Answer ... (a) Procedure, including evidence?
Neither the PILA nor the CPC includes particular rules governing the arbitral procedure per se. Pursuant to Article 182, paragraph 1 of the PILA, the parties may, directly or by referencing rules of arbitration, determine the arbitration proceeding. If the parties have not done so and/or the referenced rules of arbitration are silent in this regard, the arbitral tribunal must determine the procedure to the extent necessary (Article 182, paragraph 2 of the PILA). Whatever procedure applies, the arbitral tribunal must ensure equal treatment of the parties and the right of the parties to be heard (Article 182, paragraph 3 of the PILA).
As regards the taking of evidence, Article 184, paragraph 1 of the PILA and Article 375 of the CPC stipulate the arbitral tribunal’s obligation to administer the taking of evidence. However, if the taking of evidence or other procedural acts require the assistance of the state courts (eg, due to the fact that arbitral tribunals do not have coercive powers), such participation may be requested from the state court at the seat of the arbitral tribunal either by the arbitral tribunal itself or by a party to the arbitration with the consent of the arbitral tribunal (Article 184, paragraph 2 of the PILA and Article 375, paragraph 2 of the CPC).
(b) Interim relief?
Provided that the parties have not agreed otherwise, and upon the request of a party, arbitral tribunals in Swiss arbitration proceedings have broad discretion with regard to interim measures and the parties can benefit from all interim relief available under Swiss domestic law (Article 183, paragraph 1 of the PILA and Article 374, paragraph 1of the CPC). As per Article 262 of the CPC, on the motion of one party, any interim measure suitable to prevent imminent harm may be ordered. In particular, in the cases provided for by law, the parties to the arbitration may seek:
- an injunction;
- an order to remedy an unlawful situation;
an order directed to a registry authority or to a third party;
- performance in kind; and
- payment of a sum of money.
The party requesting interim relief may also be ordered by the arbitral tribunal to post security in order to secure potential damages suffered by the opposing party (Article 183, paragraph 3 of the PILA).
In contrast to the interim relief ordered by the Swiss state courts, an arbitral tribunal may even grant interim relief that is not recognised under Swiss law. However, the assistance of the state courts in connection with interim relief is of critical importance, as:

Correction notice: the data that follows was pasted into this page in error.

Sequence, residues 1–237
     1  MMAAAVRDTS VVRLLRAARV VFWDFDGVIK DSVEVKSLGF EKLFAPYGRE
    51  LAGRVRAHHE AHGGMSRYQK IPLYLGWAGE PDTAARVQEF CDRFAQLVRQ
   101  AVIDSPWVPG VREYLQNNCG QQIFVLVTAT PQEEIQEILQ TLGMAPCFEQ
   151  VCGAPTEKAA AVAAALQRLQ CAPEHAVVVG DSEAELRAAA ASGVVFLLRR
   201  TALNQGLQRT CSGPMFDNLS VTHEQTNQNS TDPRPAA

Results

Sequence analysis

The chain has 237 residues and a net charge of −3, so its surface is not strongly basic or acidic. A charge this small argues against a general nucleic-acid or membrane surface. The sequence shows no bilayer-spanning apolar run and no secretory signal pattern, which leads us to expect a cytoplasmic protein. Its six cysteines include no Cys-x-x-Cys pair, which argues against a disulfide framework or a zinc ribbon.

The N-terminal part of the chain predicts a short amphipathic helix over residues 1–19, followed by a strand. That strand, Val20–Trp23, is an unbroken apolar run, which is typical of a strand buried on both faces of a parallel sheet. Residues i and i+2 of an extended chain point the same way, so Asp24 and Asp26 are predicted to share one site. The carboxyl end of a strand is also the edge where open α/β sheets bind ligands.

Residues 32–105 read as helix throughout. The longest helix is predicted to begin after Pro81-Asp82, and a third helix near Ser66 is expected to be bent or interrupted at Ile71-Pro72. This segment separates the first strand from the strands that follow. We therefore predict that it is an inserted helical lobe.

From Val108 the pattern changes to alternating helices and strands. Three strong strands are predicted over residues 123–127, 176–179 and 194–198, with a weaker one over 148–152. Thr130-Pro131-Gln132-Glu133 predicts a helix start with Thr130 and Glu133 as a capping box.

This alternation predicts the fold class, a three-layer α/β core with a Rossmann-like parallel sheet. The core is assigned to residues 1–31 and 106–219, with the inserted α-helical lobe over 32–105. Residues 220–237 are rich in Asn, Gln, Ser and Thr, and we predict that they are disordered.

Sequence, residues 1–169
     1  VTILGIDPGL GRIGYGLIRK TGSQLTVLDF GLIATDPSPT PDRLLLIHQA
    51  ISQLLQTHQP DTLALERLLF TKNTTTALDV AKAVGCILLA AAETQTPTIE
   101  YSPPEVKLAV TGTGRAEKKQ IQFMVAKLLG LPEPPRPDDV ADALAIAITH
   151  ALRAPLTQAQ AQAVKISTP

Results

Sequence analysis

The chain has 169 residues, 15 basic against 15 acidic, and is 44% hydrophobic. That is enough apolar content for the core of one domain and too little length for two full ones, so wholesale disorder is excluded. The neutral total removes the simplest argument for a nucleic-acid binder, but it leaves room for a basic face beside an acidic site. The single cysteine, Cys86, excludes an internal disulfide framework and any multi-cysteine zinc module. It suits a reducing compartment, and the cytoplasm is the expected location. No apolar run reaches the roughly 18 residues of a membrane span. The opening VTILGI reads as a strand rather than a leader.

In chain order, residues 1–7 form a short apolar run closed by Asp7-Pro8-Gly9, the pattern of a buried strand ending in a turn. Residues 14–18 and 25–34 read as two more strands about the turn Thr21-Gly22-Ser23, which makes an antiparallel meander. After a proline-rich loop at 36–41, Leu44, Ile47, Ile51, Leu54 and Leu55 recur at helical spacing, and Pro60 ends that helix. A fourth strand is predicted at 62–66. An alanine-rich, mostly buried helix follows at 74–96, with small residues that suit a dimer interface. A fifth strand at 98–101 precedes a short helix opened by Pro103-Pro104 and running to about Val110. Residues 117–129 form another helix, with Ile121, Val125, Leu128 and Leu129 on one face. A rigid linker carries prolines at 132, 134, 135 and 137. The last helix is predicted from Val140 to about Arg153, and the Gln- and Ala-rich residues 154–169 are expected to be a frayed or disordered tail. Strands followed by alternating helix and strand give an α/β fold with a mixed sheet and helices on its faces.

- if the respective party does not comply voluntarily, the interim relief must be enforced by the state courts;
- the arbitral tribunal has no competence to issue binding and enforceable orders against third parties which are not party to the arbitration agreement (eg, banks in the case of freezing orders); and
- given that interim measures are generally urgently required, a party will often require such interim relief to be ordered ex parte (ie, without the arbitral tribunal hearing the counterparty). While state courts will grant interim measures ex parte, arbitral tribunals are unlikely to grant interim relief ex parte, unless the institutional rules referenced by the parties expressly provide otherwise (as is the case with the Swiss Rules).
Various institutional arbitration rules (including the Swiss Rules and the International Chamber of Commerce Arbitration Rules) provide for the possibility to call on an emergency arbitrator to grant interim relief even before the arbitral tribunal has been formally established. Equally, state courts can be called on to grant interim relief before the constitution of the arbitral tribunal.
(c) Parties which do not comply with its orders?
In case the party concerned does not voluntarily comply with an interim measure ordered by an arbitral tribunal upon the request of the opposing party, the arbitral tribunal may request the state court to assist in the enforcement of such order (according to Article 183, paragraph 2 of the PILA and Article 374, paragraph 2 of the CPC).
(d) Issuing partial final awards?
Unless the parties to an arbitration proceeding have agreed otherwise, the arbitral tribunal may issue a partial final award limited to certain questions or prayers for relief (Articles 188 and 383 of the CPC).
(e) The remedies it can grant in a final award?
In principle, the PILA and the CPC impose no limits on the final relief that may be awarded by an arbitral tribunal with its seat in Switzerland. However, limitations on the available remedies may be imposed by the arbitration agreement, the law governing the dispute and, in practical terms, the laws of the place(s) where the award will need to be enforced.
If the dispute is governed by Swiss law, the following main categories of ﬁnal remedies exist:
- performance or damages, if speciﬁc performance is no longer possible;
- creation, modiﬁcation or termination of a legal relationship; and
- declaratory relief.
In accordance with Article V, paragraph 2(b) of the New York Convention, the Swiss courts will not enforce remedies that are considered to be contrary to Swiss public policy. In this regard, according to the Swiss Federal Tribunal, treble and punitive damages might infringe Swiss public policy, depending on the particular circumstances of the case.
The payment of interest on principal claims and costs is governed by the applicable substantive law to the matter in dispute (Article 187, paragraph 1 of the PILA). If Swiss law is the applicable substantive law, pre and post-award interest can be included by the arbitral tribunal on both the principal claim and the costs incurred.